Last Updated on February 19, 2023 by Matt Musico
It doesn’t matter how long time has passed — there are certain players and moments that will remain in everyone’s mind when a certain topic comes up. That’s definitely what happens with Glenallen Hill when someone asks, “Which players have hit some of the most iconic home runs ever?”
We’ve already mentioned Hill’s memorable homer at Wrigley Field in a prior article. However, it was such a moonshot that we had to single it out and talk about the slugger himself more.
Analyzing Glenallen Hill’s Tank Job
On May 11, 2000, Glenallen Hill stepped up to the plate for the Cubs. Everyone at the Friendly Confines wasn’t ready for what was about to transpire.
— MLB Daily Dingers (@MLBDailyDingers) July 22, 2021
The announcers said the ball traveled an estimated 490 feet. They don’t believe that number, though, and neither do I. There’s just no way a tank like this didn’t travel at least 500 feet. ESPN’s Home Run Tracker said it traveled 500 feet with an exit velocity of 116.7 mph (although I don’t know how accurate that second number is).
What really gets me here is Hill’s swing. Obviously, there was plenty of power behind it. But what if he followed all the way through? He earned every right to flip his bat and admire his work. It appears that Hill also went to the Bo Jackson School of Intimidating Home Run Trots. He wasn’t running full speed, but I still wouldn’t want to be within a five-mile radius of him.
More About Hill’s Career
Hill played for seven different teams during his 13-year MLB career. Outside of the Cubs, he also suited up for Cleveland, the San Francisco Giants, the Toronto Blue Jays, the Anaheim Angels, the New York Yankees, and the Seattle Mariners. He spent more than one year with four of these teams. Hill had two different stints with the Cubs, the team he played for the most during his career.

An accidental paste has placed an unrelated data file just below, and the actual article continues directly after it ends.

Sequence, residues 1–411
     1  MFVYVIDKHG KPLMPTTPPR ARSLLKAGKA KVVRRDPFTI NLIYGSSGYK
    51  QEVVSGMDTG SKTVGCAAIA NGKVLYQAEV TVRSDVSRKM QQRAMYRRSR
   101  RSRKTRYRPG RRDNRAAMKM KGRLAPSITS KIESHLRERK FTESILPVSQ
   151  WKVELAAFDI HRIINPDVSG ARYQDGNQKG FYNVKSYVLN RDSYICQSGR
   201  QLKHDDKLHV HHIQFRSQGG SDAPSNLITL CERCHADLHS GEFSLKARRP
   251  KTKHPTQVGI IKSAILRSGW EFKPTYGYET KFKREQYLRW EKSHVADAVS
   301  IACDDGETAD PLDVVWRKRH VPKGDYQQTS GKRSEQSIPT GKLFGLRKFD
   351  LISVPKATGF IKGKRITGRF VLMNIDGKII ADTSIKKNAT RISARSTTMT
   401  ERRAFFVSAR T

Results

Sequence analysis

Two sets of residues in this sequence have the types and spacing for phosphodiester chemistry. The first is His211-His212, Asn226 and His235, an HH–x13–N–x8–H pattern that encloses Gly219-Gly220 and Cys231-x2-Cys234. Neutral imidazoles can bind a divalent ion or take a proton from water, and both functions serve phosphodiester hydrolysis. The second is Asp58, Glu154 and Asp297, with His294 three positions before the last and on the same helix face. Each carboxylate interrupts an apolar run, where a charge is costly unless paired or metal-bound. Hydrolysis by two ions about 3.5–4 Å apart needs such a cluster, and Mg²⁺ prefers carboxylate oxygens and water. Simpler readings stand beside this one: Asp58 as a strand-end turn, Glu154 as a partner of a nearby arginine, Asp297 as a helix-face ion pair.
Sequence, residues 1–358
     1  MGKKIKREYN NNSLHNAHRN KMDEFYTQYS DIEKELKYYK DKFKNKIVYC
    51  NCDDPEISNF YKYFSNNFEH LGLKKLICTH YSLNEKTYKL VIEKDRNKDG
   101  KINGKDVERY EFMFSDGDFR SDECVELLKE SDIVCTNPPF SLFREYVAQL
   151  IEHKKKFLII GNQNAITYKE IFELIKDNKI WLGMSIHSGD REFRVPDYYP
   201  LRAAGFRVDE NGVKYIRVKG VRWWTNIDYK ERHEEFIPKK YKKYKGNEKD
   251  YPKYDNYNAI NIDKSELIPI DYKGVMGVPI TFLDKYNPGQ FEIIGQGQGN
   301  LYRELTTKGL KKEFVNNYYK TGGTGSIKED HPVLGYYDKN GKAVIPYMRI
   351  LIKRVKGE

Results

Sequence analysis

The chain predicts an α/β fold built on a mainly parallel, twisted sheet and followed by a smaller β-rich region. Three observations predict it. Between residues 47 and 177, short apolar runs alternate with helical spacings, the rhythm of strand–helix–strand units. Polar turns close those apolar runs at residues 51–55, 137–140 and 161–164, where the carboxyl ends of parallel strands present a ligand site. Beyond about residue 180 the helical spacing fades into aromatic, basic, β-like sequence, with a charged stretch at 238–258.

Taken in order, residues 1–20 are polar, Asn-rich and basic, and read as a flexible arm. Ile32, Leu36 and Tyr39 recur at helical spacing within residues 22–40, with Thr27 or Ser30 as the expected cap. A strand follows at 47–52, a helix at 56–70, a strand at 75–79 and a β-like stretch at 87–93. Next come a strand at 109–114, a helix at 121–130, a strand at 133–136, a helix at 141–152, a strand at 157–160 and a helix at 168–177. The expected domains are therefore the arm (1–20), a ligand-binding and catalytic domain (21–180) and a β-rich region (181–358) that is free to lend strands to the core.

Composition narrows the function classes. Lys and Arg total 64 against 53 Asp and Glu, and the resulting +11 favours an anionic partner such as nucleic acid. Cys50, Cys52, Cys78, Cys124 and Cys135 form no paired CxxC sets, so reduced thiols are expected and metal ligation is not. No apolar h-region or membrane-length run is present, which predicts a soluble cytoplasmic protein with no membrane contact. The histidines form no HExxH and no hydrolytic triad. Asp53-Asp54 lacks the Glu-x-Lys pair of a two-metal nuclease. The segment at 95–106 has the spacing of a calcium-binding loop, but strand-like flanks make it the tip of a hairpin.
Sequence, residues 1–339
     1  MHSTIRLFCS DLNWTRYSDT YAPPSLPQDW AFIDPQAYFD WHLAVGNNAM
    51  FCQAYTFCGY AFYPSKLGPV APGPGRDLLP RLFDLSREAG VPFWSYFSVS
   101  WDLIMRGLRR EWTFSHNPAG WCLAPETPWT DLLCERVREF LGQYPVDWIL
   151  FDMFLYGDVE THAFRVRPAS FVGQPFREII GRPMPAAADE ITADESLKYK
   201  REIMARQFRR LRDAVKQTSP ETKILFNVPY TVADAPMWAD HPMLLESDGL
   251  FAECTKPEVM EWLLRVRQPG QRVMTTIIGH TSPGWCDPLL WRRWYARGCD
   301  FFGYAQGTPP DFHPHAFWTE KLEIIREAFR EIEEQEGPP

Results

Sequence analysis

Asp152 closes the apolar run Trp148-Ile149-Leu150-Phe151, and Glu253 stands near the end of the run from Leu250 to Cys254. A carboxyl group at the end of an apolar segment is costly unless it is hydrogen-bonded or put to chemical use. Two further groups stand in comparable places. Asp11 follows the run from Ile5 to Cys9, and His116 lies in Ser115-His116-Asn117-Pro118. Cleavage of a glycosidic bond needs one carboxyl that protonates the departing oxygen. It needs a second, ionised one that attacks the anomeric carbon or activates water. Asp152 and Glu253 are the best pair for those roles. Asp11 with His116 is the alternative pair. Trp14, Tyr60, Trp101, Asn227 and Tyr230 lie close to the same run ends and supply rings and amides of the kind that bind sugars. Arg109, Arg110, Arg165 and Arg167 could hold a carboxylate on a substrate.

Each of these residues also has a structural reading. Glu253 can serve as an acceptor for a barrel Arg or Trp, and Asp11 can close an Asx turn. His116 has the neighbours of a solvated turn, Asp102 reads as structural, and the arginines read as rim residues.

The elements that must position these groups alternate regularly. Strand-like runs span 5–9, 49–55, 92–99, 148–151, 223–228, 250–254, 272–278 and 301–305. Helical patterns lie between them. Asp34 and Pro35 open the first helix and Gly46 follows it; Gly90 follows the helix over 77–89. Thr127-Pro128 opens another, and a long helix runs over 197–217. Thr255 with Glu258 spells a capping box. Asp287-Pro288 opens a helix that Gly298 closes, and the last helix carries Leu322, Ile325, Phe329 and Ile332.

When he hit this blast, though, his days in the big leagues were almost complete. He’d hang up his spikes after the 2001 season. His days in the Windy City were even more numbered. Just over two months later Hill was dealt to the Yankees prior to the non-waiver trade deadline. Before that happened, the slugger had to get hot at the plate, which is exactly what happened during the month of May.
The Hot Streak Before (and After) the Trade
By the end of April, Hill had struggled to a .191/.209/.452 triple slash in 43 plate appearances. This included six RBI, and the real saving grace was his ability to rack up extra-base hits. Out of eight total knocks, five went for extra bases (two doubles, three homers).
The above moonshot was his first in May, but it was part of a month-long tear. In just 47 plate appearances, he racked up four homers and eight RBI to go along with a .342/.426/.659 line. When he arrived in the Bronx, Hill proved to be an asset to manager Joe Torre. In 143 plate appearances down the stretch, the right-handed slugger hit .333/.378/.735 with 16 home runs and 29 RBI.
The 27 total homers he collected in 2000 were a single-season career-high mark.
How Things Ended for Glenallen Hill
Hill won a World Series ring with New York that year. Unfortunately for him, that regular-season success with the Yankees didn’t translate to the postseason. He produced a .237 OPS in 13 trips to the plate in the ALDS, which was followed by just five more plate appearances the rest of the playoffs.
As mentioned before, his career was over the following season. He appeared in 16 games for the Angels before his final game on May 31st that year. Hill struggled to a .318 OPS in 66 plate appearances.
His legacy will also unfortunately be tied to performance-enhancing drugs. He was named in the infamous Mitchell Report, which was released in December 2007. Even with that putting a damper on things, it’s hard to look at this blast and not be in awe of exactly how he obliterated that baseball.
Looking for more Cubs content? Check out our single-season and all-time home run leaderboards, as well as the single-season HR king at each position. Get your daily dose of homers on social media by following us on Twitter, Facebook, and Instagram.